Peter Cumberlidge shares the secrets of this vast and glittering cruising ground, home to some of the richest vistas and most fascinating boltholes in Britain
Bristol Channel boaters
Boat: Celtic North, Sealine F42/5
Berth: Portishead Quays Marina
Jake runs Portishead’s Compass Sea School and Kath is their chief instructor. They are also RNLI crew members, but get away in their boat as often as possible with their labrador Izzy. Celtic North’s 435hp D6 Volvos give an easy 25 knots and a maximum 32 knots.
Jake pointed out two lunchtime anchorages near Portishead – Ladye Bay on the Somerset shore, north of Clevedon Pier, and Slime Road up the estuary beyond the old Severn bridge (“don’t worry about the name,” he says, “it’s a grand spot”).
Cruising westwards, Jake and Kath often head straight for Swansea, leaving Portishead before high water to catch the River Tawe lock on the same tide. They like the Grape and Olive restaurant, at the top of the 29-storey Meridian Tower. Jake told me Swansea is the ‘Blue Line’ for the Bristol Channel, where the sea becomes more enticing. Then they might press on for Ireland.
Boat: Triton, Neptune 36 Classic
Berth: Penarth Quays Marina, Cardiff
Originally yacht owners, the Kennys bought Triton after Mike had back trouble and she proved ideal for the Bristol Channel. Her two 150hp Cummins 4BTs give 7-8 knots on 3gph and she’ll do 10-11 knots if needed. Mike describes her as “a tough seaboat and a comfortable country cottage!”
On Friday afternoons, Mike and Susan often head for Portishead, an easy 17 miles in most weathers. Then they might go up to Bristol, which has good waterside bistros. They like Watchet if the tide suits, a very friendly harbour Mike says, even if you sit in soft mud near low water. Remember to turn off all your seacocks first. They enjoy weekends in Swansea and are fans of Porthcawl, where they are one of the larger boats. The entrance is narrow, Mike told me, but you just have to line up and go for it, regardless of fishermen on the piers.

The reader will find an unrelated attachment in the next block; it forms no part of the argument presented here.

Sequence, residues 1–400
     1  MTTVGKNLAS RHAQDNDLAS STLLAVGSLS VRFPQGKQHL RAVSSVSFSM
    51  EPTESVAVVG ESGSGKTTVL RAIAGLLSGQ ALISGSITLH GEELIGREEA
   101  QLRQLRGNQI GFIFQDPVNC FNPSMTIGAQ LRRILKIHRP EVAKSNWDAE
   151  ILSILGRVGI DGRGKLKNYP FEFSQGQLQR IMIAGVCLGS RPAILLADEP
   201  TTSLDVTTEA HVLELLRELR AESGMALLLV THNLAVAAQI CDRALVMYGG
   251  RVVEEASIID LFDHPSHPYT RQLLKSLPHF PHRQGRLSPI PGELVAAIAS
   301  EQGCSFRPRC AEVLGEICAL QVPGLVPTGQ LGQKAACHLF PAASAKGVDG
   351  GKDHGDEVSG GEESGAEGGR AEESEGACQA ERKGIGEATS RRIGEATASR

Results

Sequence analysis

Boat: Big Blue, Sea Ray 310
Berth: Penarth Quays Marina, Cardiff
Gavin and Dawn live 40 minutes from the marina and make full use of Big Blue, whose two D4.2 MerCruiser diesels give 35 knots thirsty top speed and an easy 21-23 knots. Portishead is their regular quick jaunt, leaving Cardiff two hours before HW. Watchet is handy too, and Penarth boats often go over there for flotilla weekends. Big Blue ventures inland as well as down-Channel, sometimes zipping up to Sharpness and following the canal up to Gloucester docks.
Gavin and Dawn enjoy visiting Swansea Bay, and from there Saundersfoot is a favourite stop – it was Gavin who told me about its new pontoons.
From Milford Haven, Big Blue has ‘gone foreign’ to Kilmore Quay on Ireland’s south-east corner, an amiable harbour about four hours from St Ann’s Head at 20 knots. They chose their weather carefully, but this was a bold jump across quite a lonely sea area.
Boat: Zenith, Trader 445
Berth: Swansea Marina
‘Jen and Bren’ are experienced Bristol Channel hands. In the 1990s, their Corvette 32 was based in Stourport up the Severn and they took her down-Channel every season. Because they enjoyed these waters so much, Jen and Bren eventually moved to Swansea Marina and changed the Corvette for a Trader 41. In 2006 they bought Zenith, a Trader 445 Signature.
From Swansea, Jen and Bren got to know the Gower anchorages, especially Oxwich and Pwlldu (Black Pool in Welsh), a secluded pebble beach east of Pwlldu Head. Occasionally they “popped over to Ilfracombe for an ice cream.” Further west, they love the bays in Milford Haven and going out to Skomer. Padstow is a favourite, sometimes via Lundy.
I met Jen and Bren when they kindly bought one of my books at a signing session. Their enthusiasm for the Channel continued and, as Jen remarked, “It has taught us our craft well.”
Boat: Sea Dream, Fairline Targa 31
Berth: Neyland Yacht Haven
Philip and Gail live near Worcester, three hours’ drive from Neyland. They bought Sea Dream in Portsmouth Harbour, where the previous owner offered them his berth for the rest of the season. Philip and Gail looked at each other, gazed around at the number of boats whizzing about and politely declined. Sea Dream was soon aboard a low-loader heading for West Wales.
Philip says Milford Haven is perfect for the kind of boating they enjoy. Neyland is a peaceful spot and the Haven has sheltered anchorages in virtually any winds. On summer hols, Sea Dream has cruised up-Channel to Tenby, Swansea, Cardiff and Watchet.
But on quiet weekends she usually turns west around St Ann’s Head towards Skomer Island: “South Haven is a slice of paradise and we often have it to ourselves.” Philip is a qualified diver and the clear waters here are magical to explore.